I have played golf in several states and the rules are different everywhere, but you still have to get your ball around the table first.
              ....LMAO...,...thats the only thing that gave us.....short stops....a chance to beat you champions.....
              "...I'll take 9 to 6....ok then...I'll give you 9 to 6..."

              Comment


              • #8
                Originally posted by gulfportdoc View Post
                That's true. And of course the funny part is that most games are won by a guy "selling out". That's why we always played that the guy preceding the winner (who "sold out") had to pay double. That kept him from being too frivolous. I don't know how common that is.

                But, no matter, guys still bitched even when someone hadn't played poorly ahead of the winner, but that the winner just came up with a great shot, and got out.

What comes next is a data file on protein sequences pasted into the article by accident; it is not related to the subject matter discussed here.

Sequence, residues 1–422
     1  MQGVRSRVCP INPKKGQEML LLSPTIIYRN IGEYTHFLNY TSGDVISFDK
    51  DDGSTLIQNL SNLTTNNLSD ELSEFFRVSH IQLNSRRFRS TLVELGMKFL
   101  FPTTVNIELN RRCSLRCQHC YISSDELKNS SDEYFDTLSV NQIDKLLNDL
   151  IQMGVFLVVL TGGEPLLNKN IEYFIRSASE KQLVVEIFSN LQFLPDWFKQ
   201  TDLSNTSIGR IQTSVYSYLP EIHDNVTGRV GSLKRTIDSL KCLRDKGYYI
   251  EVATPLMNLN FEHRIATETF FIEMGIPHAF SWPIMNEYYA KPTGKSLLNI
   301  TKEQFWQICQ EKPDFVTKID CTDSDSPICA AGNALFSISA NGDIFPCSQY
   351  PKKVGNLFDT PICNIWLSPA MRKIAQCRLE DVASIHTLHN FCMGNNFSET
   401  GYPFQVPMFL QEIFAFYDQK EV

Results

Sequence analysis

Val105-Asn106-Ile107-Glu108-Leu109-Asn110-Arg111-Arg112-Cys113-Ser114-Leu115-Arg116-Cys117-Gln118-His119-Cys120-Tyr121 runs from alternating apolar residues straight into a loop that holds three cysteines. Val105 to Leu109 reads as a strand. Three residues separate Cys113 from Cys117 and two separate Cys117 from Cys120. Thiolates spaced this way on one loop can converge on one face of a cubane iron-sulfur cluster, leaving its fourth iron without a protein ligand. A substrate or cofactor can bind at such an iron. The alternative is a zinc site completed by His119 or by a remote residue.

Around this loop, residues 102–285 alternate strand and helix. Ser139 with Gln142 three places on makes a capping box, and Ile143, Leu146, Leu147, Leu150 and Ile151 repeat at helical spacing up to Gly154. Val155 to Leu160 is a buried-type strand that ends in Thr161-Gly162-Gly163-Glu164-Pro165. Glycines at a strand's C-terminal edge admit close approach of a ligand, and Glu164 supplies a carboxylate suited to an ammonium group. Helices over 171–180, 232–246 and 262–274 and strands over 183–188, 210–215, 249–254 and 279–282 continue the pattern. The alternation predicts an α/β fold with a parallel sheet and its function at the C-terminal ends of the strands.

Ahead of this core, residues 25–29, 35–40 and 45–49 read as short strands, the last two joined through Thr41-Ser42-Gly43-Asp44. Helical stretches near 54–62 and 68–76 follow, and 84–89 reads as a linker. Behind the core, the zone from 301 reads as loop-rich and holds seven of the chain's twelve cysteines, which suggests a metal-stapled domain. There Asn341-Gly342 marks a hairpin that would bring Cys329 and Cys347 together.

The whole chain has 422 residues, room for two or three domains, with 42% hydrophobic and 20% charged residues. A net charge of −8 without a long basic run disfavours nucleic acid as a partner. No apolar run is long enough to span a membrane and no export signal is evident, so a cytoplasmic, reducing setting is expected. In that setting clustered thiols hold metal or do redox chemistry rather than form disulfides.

Doc
                .....great idea....but I'd have to carry twice as much money in my pocket.....
                "...I'll take 9 to 6....ok then...I'll give you 9 to 6..."

                Comment


                • #9
                  Moreover, the buddy system can show itself at any time anywhere.
                  In LA there was a road player from Arkansas who went by the name of, what else, Eddy. He played in those golf ring games and he once mentioned to me that sometimes a pair of guys would split the game, getting together afterward to cut up the pot.